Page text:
- Encoding for uploading: with the Flash8 software, I make a .FLV file that can be read by any machine, Mac or PC, regardless of the browser, because Flashplayer is now installed by default on all systems. I choose a high quality again, for a beautiful rendering, and I reduce the dimensions to 400 × 300.

    - For the reader: I use pb-embed-flash, which is easy to integrate, as there's an adaptation in the form of a plug-in (extension) for WordPress blogs.


  6. Thanks for this comparison Togian / Siquijor. Not that I'm addicted to comparing everything, but it allows me to get an idea of what I know.

    Long live Siquijor 8)

    PS: Bintan, as far as the non-tourist area (so the South) is concerned, I think you'd like 😛.

  7. Thanks for the info! I have an old Mac and iMovie has been systematically crashing for some time. I'm impressed by the quality of your topos in any case, I thought you were using pro equipment!

  8. @Thib:

    Yes, the comparison between Bomba/Togian and Siquijor is not necessarily relevant, the two places are very different. And I haven't really been to Togian, there are other places to visit besides Bomba and its surroundings... Maybe next time?

    As for Bintan, thanks to you, it's on my long list of places "to see one day".

    @ Marie-Julie:

    Thank you for your flattering comment... For webcasting, you don't need any real pro equipment. Besides, I'd be really annoyed, as someone who likes to travel light and carefree, if I had to lug around a super high-tech and expensive camera. Besides, difficulty makes you inventive and resourceful. I like to show that with a minimum of means, you can already do cool things.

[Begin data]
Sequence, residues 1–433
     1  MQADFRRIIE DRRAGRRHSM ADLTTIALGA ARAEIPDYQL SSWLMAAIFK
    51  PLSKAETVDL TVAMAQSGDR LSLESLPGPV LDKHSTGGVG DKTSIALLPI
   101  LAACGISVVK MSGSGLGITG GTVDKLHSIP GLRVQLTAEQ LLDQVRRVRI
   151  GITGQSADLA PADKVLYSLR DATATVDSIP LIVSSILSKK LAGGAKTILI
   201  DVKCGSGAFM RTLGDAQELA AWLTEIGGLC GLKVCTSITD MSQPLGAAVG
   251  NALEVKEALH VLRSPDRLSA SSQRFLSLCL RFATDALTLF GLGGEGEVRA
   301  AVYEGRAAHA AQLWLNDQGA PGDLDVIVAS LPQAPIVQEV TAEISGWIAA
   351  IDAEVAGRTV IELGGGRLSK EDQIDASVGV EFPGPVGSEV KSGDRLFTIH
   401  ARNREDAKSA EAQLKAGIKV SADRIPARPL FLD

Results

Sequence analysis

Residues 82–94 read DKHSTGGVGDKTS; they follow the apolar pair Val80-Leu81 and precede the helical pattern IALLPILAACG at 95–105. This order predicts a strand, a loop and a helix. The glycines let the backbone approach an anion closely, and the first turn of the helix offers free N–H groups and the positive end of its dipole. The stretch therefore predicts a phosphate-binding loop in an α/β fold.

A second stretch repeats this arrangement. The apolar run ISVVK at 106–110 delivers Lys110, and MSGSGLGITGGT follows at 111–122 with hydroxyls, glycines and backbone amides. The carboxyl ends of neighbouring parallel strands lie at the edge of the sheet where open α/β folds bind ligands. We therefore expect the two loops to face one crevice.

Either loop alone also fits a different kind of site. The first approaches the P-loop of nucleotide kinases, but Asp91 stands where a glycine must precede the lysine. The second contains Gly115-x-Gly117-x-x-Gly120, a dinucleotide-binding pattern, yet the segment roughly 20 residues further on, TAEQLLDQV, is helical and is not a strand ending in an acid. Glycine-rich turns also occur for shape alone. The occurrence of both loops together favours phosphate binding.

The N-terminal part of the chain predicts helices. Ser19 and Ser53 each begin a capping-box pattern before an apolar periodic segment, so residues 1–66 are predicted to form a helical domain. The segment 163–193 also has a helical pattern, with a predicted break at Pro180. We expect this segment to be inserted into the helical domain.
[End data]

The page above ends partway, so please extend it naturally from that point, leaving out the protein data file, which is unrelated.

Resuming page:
In fact, to achieve quality, and a slightly professional result, you need to take care of the editing on the one hand, and the encoding on the other. It's a question of sensitivity for the former, and technique for the latter.

    I've developed a taste for these little video sequences. And compared with my first attempts, I've got a better handle on things. I now know what works and what doesn't, the basic mistakes to avoid and so on. Now, when I travel, between two photos, I also take the time to shoot a lot of sequences, imagining in advance the little film I want to make.

    In the cockfighting arena in Siquijor, for example, I had to fight to get to the front rows and fit my lens between the wooden bars so I could get a clean shot of the roosters killing each other... I constantly changed locations and viewpoints to get a good selection of usable footage to edit later.

  9. Hello Corinne,
    I just wanted to tell you that I really appreciate your site. Among other things, I watched your video from Sulawesi, where I went a few years ago, and I really appreciated the fact that your only comments on the images were to let the sounds around you speak for themselves... the sound of boat engines, the sound of the wind and nature, and for those who can hear them, your heartbeat in the face of such a beautiful sight...
    Magnificent !!!

  10. Hello Patrice,

    After our exchange on, I answer you here, on my blog, to thank you, again, for this little very nice message!

    The Togian Islands are indeed a magnificent part of Sulawesi. For this video, I preferred to leave the sounds that best matched the rhythm of this stroll in the background...

  11. Hello Corinne,

    I am very happy to come across a blog as well done! Thank you for sharing your experiences, this allows you to get an idea before leaving yourself!

    I have the opportunity to go to Indonesia for 25 days 🙄 in February 2010 (I know it's not the best time, but I can't do otherwise, as it's part of a larger tour...).

    I would have liked some advice:
    - is it possible to dive as a beginner? is it already possible to admire the underwater world with a simple mask and snorkel in Togian as in the northern islands? 😯
    - you say we're a bit "stuck" on the togian islands: is it possible to go from island to island or is it complicated?
    - and finally 🙂 apart from the seabed, is the island itself worth a visit for its scenery? or would you recommend another Indonesian island?

    Thank you very much for all your precious information, and especially to share with us your passion for the sea!

  12. @Agathe: Welcome to Petites Bulles d'Ailleurs 😉
    To answer your questions:
    ➡ Diving and snorkeling: yes, of course, there are plenty of great snorkeling spots in Togian and Bunaken. You can see wonders without having to go snorkeling.